It’s a ritual in our house — walking or biking, sometimes driving our food scraps over to the Disbrow DPW disposal site. It’s a bit unpleasant to open the containers filled with all those rotting leftovers and insects, but it does offer actual eco virtue by providing the raw material to turn at least half our trash into garden mulch. There are even occasional surprises, like the raccoon found sleeping in a green bin, resting after apparently gorging itself.
It turns out, though, there are good financial reasons for Rye City taxpayers to take our organic garbage over to Disbrow or the other disposal site under I-95 in the Highland Hall parking lot. The City saves money on every ton of compost-ables it keeps out of the general garbage.
We don’t think about our garbage once we put it out on the curb, but the city’s Public Works Department has to pay to get rid of it. Most garbage goes to a County facility, which we must pay $32.91 per ton to take the stuff, which feeds a waste-to-energy facility the County states provides enough power for 60,000 homes.
But the County offers a deal for compost. Its Residential Food Scrap Transportation and Disposal Program, in which 25 Westchester communities including Rye, participate, lets us pay just $16.55 if our DPW trucks take leftover pizza crusts, apple cores, and such over to CPW CRP in Cortland Manor. That’s half-price.
Such savings could really mount up if Rye households composted on a large scale; we produce some 6,300 tons of some type of garbage annually.
Some readers will undoubtedly recall that we’ve tried to add curbside pickup of compost to our city services; a pilot program begun in 2019, however, was dropped after the City Council, sensibly, concluded that the pickup costs outstripped the financial benefit of a small-scale program. Mayor Josh Cohn notes that those participating in the program were “inconsistent” in their use of it “indicating poor prospects for expansion for all residents.”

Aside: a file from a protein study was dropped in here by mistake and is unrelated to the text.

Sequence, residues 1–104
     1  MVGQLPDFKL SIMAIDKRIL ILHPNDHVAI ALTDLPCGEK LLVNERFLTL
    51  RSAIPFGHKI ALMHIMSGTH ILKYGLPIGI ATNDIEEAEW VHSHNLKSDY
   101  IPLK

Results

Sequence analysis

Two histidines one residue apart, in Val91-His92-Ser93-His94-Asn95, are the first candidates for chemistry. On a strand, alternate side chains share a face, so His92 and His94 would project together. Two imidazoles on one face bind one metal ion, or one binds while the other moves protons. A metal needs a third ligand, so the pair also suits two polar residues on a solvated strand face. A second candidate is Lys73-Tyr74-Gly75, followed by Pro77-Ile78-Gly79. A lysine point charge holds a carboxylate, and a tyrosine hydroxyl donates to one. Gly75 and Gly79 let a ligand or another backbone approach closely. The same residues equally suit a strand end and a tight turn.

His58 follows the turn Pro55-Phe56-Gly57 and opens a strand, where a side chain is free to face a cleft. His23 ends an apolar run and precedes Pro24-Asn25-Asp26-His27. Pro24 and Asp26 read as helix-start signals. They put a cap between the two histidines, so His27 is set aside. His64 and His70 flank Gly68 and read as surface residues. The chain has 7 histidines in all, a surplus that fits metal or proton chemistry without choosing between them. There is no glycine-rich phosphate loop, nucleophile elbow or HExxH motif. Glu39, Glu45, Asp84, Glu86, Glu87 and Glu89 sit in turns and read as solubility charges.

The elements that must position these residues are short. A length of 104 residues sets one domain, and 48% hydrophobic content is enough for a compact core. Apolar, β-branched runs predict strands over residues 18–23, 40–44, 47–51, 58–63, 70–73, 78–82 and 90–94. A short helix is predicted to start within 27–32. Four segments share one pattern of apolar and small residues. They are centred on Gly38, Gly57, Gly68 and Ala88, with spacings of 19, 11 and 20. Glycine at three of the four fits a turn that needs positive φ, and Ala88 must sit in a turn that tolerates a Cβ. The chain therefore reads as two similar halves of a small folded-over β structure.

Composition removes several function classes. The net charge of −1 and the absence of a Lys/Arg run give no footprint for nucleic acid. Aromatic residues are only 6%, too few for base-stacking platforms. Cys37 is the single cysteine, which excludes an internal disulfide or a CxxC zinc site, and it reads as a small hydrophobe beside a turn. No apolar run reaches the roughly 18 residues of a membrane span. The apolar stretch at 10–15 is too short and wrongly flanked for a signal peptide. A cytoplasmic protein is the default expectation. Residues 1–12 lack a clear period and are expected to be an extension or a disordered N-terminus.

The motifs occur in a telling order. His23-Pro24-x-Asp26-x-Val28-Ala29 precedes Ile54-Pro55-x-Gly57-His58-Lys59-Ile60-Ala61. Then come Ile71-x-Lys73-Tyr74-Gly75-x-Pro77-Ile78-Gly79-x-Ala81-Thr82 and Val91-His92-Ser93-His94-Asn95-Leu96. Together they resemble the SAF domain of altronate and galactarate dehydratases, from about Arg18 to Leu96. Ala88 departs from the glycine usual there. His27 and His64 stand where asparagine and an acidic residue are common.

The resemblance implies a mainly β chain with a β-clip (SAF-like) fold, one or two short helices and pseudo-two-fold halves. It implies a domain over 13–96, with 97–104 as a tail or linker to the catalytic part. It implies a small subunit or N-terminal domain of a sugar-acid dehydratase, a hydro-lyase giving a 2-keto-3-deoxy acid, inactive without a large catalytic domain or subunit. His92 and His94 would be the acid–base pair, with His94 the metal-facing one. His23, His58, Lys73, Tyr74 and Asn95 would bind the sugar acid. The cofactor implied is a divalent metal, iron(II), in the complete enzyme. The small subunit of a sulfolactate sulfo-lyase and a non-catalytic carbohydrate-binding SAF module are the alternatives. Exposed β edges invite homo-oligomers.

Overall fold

But in its last year, that program picked up 65 tons of food scraps; the current drop-off program produced 50 tons last year, according to the City Manager’s office. Not everyone wants to schlep little biodegradable green bags of food scraps just to feel virtuous. (Though you could save money on big black garbage bags.)
Still, we could cut costs and produce actual environmental benefit if all or most households separated food waste. That contrasts with the separation of paper and plastics, for which the markets have collapsed and for which governments across the country now must pay significant fees just to get rid of.
Mayor Cohn notes that he would favor renewed compostables collection, if it were combined with yard waste pick up — and both could be sent to the County together.
As the City considers both economics and the environment, there are good reasons to rethink how we put out and pick up our trash.